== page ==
Another of the inventor's concepts relates to a method of marketing. The concept is to market together a hoist, a first article of furniture to be raised by the hoist, and a second article of furniture to fit underneath the first article. Optionally, a cabinet or self-supporting frame for the hoist can also be included. By assisting the customer in effectively utilizing the space freed up, the method facilitates the sale of space-freeing furniture/hoist combinations. Marketing together is inclusive of offering the various components at one retail outlet, in one catalogue, on one web site, or in one advertisement as well as offering the components together for sale as a package.

A related concept of the inventor's is that a device that elevates a article of furniture to thereby make available the floor space previously occupied by the footprint of that furniture is much more easily marketed and of much greater value to the consumer if the consumer is also provided with a second article of furniture adapted to use that space. Such an adaptation may relate to the size of the second article and making that second article readily mobile, as when the second article is fitted with castors. Preferably, a second article of furniture provided with a first article occupies at least about 60% of the footprint of the first article, more preferably at least about 70%, and still more preferably at least about 90%.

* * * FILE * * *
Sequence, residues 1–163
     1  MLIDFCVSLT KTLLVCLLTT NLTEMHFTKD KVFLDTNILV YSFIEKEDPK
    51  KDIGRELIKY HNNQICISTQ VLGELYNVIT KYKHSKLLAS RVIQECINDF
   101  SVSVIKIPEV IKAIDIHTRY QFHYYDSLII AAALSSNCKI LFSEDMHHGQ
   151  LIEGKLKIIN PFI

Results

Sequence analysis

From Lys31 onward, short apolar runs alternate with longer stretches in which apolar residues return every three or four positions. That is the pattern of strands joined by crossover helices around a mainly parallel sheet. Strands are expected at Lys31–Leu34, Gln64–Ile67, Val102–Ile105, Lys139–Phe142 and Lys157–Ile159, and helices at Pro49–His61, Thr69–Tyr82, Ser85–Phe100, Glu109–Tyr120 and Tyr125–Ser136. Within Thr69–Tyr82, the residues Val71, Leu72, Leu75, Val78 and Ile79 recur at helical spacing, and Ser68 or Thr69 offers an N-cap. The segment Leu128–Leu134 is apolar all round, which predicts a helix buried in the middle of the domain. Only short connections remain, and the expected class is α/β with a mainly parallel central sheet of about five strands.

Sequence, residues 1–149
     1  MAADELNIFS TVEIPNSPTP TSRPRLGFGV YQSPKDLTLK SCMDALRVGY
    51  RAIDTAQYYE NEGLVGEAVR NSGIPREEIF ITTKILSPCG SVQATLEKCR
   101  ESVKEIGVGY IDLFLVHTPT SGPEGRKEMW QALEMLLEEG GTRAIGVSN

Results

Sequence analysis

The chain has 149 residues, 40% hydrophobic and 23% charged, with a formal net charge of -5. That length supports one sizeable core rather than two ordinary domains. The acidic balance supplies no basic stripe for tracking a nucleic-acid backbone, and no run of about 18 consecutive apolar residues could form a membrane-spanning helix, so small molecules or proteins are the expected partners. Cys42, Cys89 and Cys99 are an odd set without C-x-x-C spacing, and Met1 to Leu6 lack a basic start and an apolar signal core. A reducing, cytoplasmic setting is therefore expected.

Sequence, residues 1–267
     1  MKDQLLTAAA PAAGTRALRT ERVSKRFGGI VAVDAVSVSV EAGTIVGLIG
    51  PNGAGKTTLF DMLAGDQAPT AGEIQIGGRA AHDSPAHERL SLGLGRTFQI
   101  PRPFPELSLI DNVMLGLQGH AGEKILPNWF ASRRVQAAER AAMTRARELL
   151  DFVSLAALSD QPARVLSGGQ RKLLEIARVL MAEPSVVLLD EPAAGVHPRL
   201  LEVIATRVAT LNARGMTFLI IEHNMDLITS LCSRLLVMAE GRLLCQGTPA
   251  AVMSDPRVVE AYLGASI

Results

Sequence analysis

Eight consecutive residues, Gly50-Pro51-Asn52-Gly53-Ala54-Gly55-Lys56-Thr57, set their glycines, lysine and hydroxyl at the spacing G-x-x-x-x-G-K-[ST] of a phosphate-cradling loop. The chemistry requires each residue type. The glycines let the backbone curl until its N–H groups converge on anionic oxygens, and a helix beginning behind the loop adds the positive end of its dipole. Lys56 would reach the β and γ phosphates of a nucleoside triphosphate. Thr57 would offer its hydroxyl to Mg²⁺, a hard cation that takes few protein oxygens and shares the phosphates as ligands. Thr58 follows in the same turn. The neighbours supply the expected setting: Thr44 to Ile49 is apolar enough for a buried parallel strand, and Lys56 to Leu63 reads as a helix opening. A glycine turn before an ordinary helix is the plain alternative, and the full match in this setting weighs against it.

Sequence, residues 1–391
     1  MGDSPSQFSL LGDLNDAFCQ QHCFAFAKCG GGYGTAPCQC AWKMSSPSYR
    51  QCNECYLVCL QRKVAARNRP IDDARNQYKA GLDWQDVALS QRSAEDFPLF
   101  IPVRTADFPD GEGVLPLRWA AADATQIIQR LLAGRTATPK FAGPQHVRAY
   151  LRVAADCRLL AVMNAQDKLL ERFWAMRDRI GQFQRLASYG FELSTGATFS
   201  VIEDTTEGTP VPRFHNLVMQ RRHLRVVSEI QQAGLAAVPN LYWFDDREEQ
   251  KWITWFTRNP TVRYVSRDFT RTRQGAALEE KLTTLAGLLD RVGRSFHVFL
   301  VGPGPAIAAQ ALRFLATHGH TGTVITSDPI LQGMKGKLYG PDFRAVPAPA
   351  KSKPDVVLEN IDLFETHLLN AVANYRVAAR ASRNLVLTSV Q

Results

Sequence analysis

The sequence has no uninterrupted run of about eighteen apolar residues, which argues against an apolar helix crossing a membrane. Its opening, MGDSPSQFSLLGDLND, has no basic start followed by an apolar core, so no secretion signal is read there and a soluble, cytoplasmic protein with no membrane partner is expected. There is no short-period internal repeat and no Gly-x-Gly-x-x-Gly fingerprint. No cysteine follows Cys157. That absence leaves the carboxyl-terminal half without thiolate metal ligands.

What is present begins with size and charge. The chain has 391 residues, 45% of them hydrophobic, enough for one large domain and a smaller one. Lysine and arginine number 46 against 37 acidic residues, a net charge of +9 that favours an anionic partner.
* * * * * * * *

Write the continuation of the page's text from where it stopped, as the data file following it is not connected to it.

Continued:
In one embodiment, an outlet for a furniture system of the invention provides delivery and installation services. Installation services may consist essentially of assembling a cabinet or frame with hoist at a customer location. Installation services may comprise additional services as well.

The inventor envisages using furniture systems of the invention to convert a room from one use-type to another. Possible uses include a recreation room, a living room, a dining room, a gym, an office, a bedroom, a pantry, and a library. For example, converting a room to an office may comprise taking out a desk or workstation and a filing cabinet. Converting a room to a bedroom may comprise lowering a Murphy bed and taking out a bureau and/or armoire. Converting a room to a living room may comprise taking out a coffee table and a bar. Converting a room to a pantry may comprise taking out a cupboard with a top that can be used as a counter while lowering another cupboard to where it can be easily reached. In most of these examples, taking out one or more articles of furniture may be accompanied by replacing one or more other articles of furniture to free up space.

The invention delineated by the following claims has been shown and/or described in terms of certain concepts, aspects, embodiments, and examples. While a particular feature of an invention may have been disclosed with respect to only one of several concepts, aspects, examples, or embodiments, the feature may be combined with one or more other concepts aspects, examples, or embodiments where such combination would be recognized as advantageous by one of ordinary skill in the art. This one specification may describe more than one invention and the following claims do not necessarily encompass every concept, aspect, embodiment, or example described herein.